2. Over-engineer everything as in the past. It wasn’t so bad when HP was known as just a bunch of engineers who didn’t know how to market anything!
  3. Analyze specific statistics for the last thirty days of calls to any foreign call center. Examine carefully each customer’s experience. How many buttons did they have to push? How long did they wait to talk to someone? How many times and how long were they put on hold? How many times did they have to have something repeated?
  4. Strengthen your joint design/development work with Apple. Determine why Palm languishes and your calculators and handheld devices are no longer the pride of the company. Resume work on handhelds independent of industry standards. Make HP the standard.
  5. Become a resource for desktop Linux. Talk to Novell. Talk to Apple. Decide how HP can get out of me-too products in the PC industry.
  6. Assess the impact of the Agilent spin-off before doing anything. Agilent was the largest IPO in Silicon Valley’s history when it went public in 1999. The technologies in that company put HP on the map.
  7. Manage with facts. Don’t assume your focus should be on Dell.
  8. Drop any product which isn’t #1 or #2 in its field and simplify each product line. More than good-better-best confuses customers.


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Hubris Fails Yet Again

9 February 2005

Carly Fiorina has resigned from HP. Some reports say she stepped down, while others indicate she might have been helped down from her perch high atop HP.

This follows a feud with heirs of HP’s founders, a lackluster acquisition of Compaq, countless service problems and Carol Loomis’s masterpiece in Fortune. Now a dispute with the Board apparently leads to this. We can only hope this marks the point at which the company begins revising The HP Way.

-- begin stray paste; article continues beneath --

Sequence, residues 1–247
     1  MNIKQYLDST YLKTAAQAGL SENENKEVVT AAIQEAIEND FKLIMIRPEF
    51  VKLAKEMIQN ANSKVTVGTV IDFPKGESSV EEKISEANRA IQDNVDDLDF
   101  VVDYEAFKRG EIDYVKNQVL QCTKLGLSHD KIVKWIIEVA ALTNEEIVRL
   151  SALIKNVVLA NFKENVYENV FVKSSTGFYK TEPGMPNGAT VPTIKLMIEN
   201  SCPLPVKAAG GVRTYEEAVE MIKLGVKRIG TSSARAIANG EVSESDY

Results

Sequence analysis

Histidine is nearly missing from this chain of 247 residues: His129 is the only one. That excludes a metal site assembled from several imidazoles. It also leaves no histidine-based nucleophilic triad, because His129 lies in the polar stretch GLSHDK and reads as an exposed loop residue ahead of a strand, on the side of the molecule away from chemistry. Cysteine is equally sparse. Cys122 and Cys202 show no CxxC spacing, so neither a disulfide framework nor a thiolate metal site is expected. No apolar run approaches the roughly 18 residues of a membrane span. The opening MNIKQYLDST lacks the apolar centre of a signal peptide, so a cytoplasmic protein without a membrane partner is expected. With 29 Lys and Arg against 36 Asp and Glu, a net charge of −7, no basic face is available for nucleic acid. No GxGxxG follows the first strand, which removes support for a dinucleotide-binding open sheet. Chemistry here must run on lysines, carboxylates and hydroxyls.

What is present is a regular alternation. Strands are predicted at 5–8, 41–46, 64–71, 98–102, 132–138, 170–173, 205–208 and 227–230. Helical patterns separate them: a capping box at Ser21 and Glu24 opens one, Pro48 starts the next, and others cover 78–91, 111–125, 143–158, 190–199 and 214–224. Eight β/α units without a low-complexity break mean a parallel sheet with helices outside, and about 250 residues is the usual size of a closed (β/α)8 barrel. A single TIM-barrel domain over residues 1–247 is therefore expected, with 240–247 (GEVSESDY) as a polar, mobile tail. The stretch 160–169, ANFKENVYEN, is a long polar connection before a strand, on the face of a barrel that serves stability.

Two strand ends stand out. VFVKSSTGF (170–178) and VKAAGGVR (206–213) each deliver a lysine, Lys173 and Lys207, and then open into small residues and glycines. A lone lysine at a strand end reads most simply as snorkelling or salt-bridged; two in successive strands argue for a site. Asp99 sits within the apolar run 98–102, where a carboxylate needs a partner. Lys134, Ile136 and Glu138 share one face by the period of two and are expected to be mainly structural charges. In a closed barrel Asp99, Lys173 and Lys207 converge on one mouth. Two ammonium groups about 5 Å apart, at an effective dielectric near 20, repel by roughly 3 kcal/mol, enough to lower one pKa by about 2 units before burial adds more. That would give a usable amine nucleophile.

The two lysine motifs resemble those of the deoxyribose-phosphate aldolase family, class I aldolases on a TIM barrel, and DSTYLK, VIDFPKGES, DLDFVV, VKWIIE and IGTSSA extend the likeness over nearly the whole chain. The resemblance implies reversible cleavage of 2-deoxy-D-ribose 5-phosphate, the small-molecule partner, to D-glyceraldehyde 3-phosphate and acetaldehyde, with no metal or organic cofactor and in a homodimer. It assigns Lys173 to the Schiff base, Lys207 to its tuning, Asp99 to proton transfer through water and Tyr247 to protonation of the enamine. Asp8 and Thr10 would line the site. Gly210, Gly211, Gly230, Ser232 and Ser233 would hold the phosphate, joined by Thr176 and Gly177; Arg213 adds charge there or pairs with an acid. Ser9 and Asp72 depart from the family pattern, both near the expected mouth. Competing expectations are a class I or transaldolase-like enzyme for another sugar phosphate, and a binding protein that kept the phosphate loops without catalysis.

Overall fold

UPDATE: HP closed up $1.39 at $21.53. Dell closed down $0.03 at $40.99. IBM closed down $1.43 at $92.70. The companies’ P/E ratios using the last twelve months of earnings and their annual sales are:

  • HP – 18.72; $79.90B
  • Dell – 33.88; $47.26B
  • IBM – 18.72; $96.50B

HP and IBM pay dividends. Dell does not. We’ll see how things look over the next five or ten years.


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Hp 49g+

10 August 2004

I came within a heartbeat of buying a new calculator today. My better judgment sent me to the computer for a quick search. After reading reviews here, here and here, I’m glad I waited. It seems HP has lost their touch with calculators. What an incredibly unfortunate decline of a product that engineers everywhere cherished.

For those needing scientific and statistical processing in a handheld, here’s a future product that holds promise. Better yet, if someone can figure out how to make HP calculators with a comparable quality to the HP 35, 45, 25c and 41CV, people are still willing to pay the $395 for a product with the outstanding quality, manuals, accessories and packaging that made HP calculators cult items.